I had a surgery back in August that has given me some quality reflection time. I have been writing down my thoughts and a couple friends encouraged me to share my thoughts with others who may enjoy reading my reflective thoughts, so here I am. I hope those who read my writings will enjoy them
Monday, November 16, 2015
Oh my goodness how I love Elder Maxwell. His words tie right in with my earlier blog so just had to share his insightful questions.
I join in welcoming all the new Brethren, including Elder Richard Scott to the Council of the Twelve.
Years ago, Elder Scott was called as a mission president. The distinguished admiral for whom he worked was puzzled and even upset that Elder Scott accepted that call. Later, that same admiral, a distinguished public servant, wrote a book called Why Not the Best? I suggest the admiral’s question concerning that call is answered in the title of his book, which has some applicability today as well, as the Lord has called one of “the best.”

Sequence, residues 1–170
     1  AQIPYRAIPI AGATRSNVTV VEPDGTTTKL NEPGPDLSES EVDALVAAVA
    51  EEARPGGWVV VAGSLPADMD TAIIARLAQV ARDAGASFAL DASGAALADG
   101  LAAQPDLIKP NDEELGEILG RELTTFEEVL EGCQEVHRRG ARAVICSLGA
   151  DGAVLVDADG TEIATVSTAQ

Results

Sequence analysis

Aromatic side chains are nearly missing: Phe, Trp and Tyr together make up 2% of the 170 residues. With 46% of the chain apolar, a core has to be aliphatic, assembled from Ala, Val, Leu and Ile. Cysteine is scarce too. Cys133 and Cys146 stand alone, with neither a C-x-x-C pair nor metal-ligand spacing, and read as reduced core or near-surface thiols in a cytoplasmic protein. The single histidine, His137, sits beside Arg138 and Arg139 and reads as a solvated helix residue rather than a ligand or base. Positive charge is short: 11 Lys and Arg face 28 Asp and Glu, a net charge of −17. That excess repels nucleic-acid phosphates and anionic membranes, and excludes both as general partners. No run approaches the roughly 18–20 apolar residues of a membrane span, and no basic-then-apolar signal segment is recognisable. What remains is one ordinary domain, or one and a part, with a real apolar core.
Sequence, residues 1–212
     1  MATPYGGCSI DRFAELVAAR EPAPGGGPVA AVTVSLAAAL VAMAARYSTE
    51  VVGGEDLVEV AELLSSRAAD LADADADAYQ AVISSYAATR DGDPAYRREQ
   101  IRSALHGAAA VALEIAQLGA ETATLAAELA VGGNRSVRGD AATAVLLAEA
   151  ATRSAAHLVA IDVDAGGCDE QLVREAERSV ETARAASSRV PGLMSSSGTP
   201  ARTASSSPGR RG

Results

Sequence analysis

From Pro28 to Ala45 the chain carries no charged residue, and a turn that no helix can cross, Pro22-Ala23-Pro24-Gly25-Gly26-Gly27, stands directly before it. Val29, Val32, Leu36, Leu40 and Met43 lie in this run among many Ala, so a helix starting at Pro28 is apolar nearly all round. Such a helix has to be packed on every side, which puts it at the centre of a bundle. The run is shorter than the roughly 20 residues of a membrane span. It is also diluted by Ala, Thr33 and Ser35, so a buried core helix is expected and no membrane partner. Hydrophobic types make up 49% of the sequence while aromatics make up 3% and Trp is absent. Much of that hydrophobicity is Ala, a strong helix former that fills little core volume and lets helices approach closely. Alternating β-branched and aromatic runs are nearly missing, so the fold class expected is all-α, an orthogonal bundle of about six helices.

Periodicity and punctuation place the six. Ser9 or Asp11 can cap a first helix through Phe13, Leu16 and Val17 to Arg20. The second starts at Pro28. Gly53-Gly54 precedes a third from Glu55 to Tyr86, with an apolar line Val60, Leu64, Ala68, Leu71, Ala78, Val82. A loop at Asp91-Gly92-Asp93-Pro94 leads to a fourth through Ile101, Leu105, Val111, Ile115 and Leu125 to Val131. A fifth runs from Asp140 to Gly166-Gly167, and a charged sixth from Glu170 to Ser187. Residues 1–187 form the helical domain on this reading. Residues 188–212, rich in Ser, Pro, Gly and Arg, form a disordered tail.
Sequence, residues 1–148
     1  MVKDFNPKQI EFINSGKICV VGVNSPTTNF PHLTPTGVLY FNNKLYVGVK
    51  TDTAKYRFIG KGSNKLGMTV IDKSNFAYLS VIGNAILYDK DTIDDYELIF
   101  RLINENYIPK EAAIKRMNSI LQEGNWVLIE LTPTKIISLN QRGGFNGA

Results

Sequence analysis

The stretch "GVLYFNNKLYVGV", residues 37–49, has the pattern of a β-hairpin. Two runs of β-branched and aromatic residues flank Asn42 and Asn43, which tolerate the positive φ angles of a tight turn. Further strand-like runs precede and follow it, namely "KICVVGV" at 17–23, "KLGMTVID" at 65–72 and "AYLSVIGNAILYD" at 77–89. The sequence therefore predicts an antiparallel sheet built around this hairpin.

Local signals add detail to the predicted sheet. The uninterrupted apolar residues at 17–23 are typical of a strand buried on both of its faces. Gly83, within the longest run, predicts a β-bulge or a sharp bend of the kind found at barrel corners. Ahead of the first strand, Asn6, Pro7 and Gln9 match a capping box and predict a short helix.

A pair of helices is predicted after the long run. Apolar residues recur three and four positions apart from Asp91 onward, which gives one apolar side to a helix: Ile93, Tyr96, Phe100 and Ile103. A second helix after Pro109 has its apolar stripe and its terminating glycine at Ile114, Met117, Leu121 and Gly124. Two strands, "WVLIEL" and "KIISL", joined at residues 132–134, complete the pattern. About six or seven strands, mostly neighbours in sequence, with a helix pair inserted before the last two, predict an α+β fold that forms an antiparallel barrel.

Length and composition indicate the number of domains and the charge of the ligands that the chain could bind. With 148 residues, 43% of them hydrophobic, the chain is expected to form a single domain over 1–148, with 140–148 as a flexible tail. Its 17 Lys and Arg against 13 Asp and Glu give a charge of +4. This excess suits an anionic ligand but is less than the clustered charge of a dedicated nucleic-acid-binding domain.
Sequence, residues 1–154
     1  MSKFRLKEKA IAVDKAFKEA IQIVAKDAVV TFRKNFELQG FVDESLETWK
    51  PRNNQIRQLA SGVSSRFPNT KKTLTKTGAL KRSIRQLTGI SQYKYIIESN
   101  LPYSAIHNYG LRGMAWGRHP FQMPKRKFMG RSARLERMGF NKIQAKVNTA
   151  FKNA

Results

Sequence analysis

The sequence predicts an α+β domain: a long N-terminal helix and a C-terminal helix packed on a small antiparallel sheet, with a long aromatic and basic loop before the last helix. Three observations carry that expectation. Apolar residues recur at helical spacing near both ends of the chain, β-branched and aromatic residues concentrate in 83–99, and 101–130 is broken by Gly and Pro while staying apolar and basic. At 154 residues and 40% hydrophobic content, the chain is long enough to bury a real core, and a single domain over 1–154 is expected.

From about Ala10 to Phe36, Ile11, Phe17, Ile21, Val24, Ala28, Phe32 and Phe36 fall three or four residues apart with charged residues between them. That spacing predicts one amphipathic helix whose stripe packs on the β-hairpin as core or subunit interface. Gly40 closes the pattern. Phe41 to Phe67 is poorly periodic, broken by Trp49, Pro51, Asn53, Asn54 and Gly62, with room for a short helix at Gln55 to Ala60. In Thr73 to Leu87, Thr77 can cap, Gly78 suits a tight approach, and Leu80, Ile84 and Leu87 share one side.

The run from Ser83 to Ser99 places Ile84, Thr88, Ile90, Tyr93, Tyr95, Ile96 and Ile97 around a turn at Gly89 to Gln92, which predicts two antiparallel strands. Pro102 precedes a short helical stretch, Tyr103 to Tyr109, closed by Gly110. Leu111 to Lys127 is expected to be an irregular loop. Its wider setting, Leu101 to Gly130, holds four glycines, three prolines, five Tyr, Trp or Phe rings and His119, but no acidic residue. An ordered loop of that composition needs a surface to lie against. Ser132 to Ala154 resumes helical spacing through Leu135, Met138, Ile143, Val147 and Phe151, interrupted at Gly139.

Sincerely striving to follow Jesus will try our faith and our patience—sometimes sorely. (See Mosiah 23:21.) Even with all its travail, however, it is the trek of treks.
As we all know, the restored gospel of Jesus Christ gives us abundant answers. But Jesus also asked some searching questions which tell us even more about the stretching journey of discipleship. To those who inquired about His authority, Jesus, in turn, put a pointed question, saying, “Answer me.” They could not. (See Mark 11:29–30.) To all His applicable questions, the invitation “Answer me” stands to this day.
“Where are the nine?” inquired Jesus concerning the healed lepers who did not return with thanksgiving. (Luke 17:17; italics added.) How often are we like the nine? To receive God’s blessings without acknowledging their Source is to be unrealistic as well as ungrateful.